The Eastern Cottontail, Sylvilagus floridanus, is the most common rabbit in North America. They range from Canada to South America and from the east coast to the Great Plains in the central United States. Living predominantly at the edge of open areas such as fields or farms, cottontails are generalists, able to survive in a wide variety of habitats. They can even thrive close to human activity, often popping up in lawns and sheltering under shrubs.
While the Eastern Cottontail has variety in their coat color, nearly all individuals sport a reddish patch on their nape (the back of their neck), and every individual carries its namesake: the white, cotton-ball-like tail. Distinguishing the Eastern Cottontail from its rare cousin the New England Cottontail is difficult. The only coat difference is that 50% of the latter have a dark spot on their foreheads. Normally, distinguishing the two species requires examination of the skull structure.
The Eastern Cottontail is in the family Leporidae, which is known for rodent-like teeth and delicate lattice bones in their skull. There has been heavy debate on where Leporidae belongs on the phylogenic tree. Previously in the Order Rodentia, a study confirmed they should be classified separately based on the structure of their teeth. This study was met with strong resistance, but was so highly supported, it prevailed. An additional study looking into the genetics of the Eastern Cottontails suggested they may be more closely related to some primates rather than rodents!
A healthy Eastern Cottontail population density should be around three to five rabbits per acre, kept in check by their natural predators. Left to their own devices, cottontails overpopulate, leading to overgrazing, disturbing gardens to the point of destruction, a high risk of disease, and out-competing other species who need the same habitats. Natural predators, such as coyotes, foxes, birds of prey, and snakes help control the cottontail population.
A female Eastern Cottontail may have three-to-four litters in a season. Breeding season runs from February to September. Each litter will be weaned within three weeks, out of the nest and independent within seven weeks, and ready to breed at three months old. This is an important ability, as cottontail rabbits play a crucial role in the food web. Rapid reproduction helps to support predators that rely on the Eastern Cottontail as a food source.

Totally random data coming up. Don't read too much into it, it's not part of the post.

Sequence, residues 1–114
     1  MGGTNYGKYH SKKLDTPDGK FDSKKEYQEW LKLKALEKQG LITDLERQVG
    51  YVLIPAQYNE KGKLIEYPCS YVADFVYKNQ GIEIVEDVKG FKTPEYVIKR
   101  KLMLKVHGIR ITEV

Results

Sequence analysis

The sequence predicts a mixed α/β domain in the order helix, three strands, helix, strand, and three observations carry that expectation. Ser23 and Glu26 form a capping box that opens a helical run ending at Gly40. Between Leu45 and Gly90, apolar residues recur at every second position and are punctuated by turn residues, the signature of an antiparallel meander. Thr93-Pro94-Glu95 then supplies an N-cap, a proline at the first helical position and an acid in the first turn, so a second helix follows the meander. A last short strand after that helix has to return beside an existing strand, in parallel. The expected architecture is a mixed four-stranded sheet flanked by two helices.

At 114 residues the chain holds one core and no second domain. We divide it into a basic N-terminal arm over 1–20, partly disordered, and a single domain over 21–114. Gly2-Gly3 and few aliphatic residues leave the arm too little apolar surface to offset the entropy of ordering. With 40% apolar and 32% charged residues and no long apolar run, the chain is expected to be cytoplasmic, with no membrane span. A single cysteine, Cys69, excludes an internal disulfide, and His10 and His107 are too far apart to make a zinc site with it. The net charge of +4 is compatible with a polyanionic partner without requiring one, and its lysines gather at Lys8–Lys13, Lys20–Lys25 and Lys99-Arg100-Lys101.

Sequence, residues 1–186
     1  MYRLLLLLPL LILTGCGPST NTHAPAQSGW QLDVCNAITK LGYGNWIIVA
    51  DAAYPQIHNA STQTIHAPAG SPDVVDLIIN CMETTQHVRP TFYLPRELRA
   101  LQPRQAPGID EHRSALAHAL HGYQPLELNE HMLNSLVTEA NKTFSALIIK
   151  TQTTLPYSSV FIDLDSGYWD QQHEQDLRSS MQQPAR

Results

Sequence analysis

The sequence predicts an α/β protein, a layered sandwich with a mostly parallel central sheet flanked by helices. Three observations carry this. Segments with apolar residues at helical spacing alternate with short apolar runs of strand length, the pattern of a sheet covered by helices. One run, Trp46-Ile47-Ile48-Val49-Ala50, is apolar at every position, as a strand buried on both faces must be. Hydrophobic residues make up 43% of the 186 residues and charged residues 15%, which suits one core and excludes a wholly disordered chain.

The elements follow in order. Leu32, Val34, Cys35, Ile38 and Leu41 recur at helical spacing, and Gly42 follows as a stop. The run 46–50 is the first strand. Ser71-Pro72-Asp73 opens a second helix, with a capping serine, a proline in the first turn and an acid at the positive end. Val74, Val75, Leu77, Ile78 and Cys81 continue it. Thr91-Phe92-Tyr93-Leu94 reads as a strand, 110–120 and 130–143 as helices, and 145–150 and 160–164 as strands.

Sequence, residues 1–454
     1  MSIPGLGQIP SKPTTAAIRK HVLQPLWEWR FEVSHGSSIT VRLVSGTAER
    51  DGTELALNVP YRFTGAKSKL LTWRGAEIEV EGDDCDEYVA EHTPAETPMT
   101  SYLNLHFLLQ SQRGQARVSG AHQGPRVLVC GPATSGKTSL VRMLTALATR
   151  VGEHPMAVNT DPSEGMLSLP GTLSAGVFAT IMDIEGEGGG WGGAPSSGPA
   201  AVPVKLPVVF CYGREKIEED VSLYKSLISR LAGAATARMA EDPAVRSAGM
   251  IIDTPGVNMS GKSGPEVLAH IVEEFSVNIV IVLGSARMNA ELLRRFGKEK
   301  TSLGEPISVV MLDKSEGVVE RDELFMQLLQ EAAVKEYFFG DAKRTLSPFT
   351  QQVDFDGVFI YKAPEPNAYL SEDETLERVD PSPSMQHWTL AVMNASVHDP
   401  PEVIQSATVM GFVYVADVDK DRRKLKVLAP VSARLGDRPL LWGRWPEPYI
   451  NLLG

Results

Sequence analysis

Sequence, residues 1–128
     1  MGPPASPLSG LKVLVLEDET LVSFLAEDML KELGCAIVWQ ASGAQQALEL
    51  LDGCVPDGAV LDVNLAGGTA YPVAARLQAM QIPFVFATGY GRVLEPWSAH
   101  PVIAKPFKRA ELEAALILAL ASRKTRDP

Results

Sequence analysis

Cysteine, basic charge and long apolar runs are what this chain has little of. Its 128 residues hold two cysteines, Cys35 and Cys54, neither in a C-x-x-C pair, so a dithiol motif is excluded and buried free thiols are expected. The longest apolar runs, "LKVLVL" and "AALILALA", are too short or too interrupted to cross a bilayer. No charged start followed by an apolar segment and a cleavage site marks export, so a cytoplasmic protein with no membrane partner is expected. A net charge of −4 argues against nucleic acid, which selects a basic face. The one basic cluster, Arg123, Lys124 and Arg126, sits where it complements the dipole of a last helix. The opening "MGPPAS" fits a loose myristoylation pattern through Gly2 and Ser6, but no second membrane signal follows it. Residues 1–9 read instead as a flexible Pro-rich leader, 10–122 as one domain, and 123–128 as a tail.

The milk of a female Easter Cottontail is the most protein-rich milk currently known, and is also quite fatty, to boot. It has a whopping 12% of fat and 10% of protein (compare to humans at 3% fat and 0.8% protein), making it rich and full of essential nutrients for the newborns, or kits. This potent milk allows females to nurse their young for only a couple minutes a day. The rest of her day, she will spend foraging and sheltering away from her kits. Because rabbits live on the ground, in shallow scrapes, this is essential for kit survival.
The Eastern Cottontail practices coprophagy. This means that they are one of the species that consume cecotropes. Cecotropes are fecal pellets that have passed once through the digestive tract of rabbits. However, these pellets are expelled and consumed again for a second pass through the digestive system. Cottontails thus increase the extraction of nutrients. So… they are essentially eating their own scat
, for their health.
What can you do for rabbits? Plant a few extra veggies in your gardens and let those rabbits have a snack! While it is true that they can become destructive when not kept in check, a rabbit taking a carrot top or beet greens from your garden is a sign of a healthy ecosystem. “One to harvest, one to grow!”
Learning Tools from Mass Audubon
Looking for More Resources and Activities?
Watch this video to learn what to do if you find a rabbit nest in your yard. If you care, leave it there!
Read about cottontails and use the data to do some “bunny math.” Great for all ages, teachers, and parents.
Explore iNaturalist and learn about cottontails.
Learn with this lesson about rabbits, and then take the quiz (may require online subscription).
Dig deeper into the diversity of hares and rabbits.
Watch this kid-friendly video about rabbits from around the world.
Watch this video of a cottontail kit being rehabilitated.
Print this page for more quick facts about cottontails.
“We have them in our backyard. The other day I was working in the front garden when all of a sudden 6 or 7 of them FLEW out of there!” – Facebook participant
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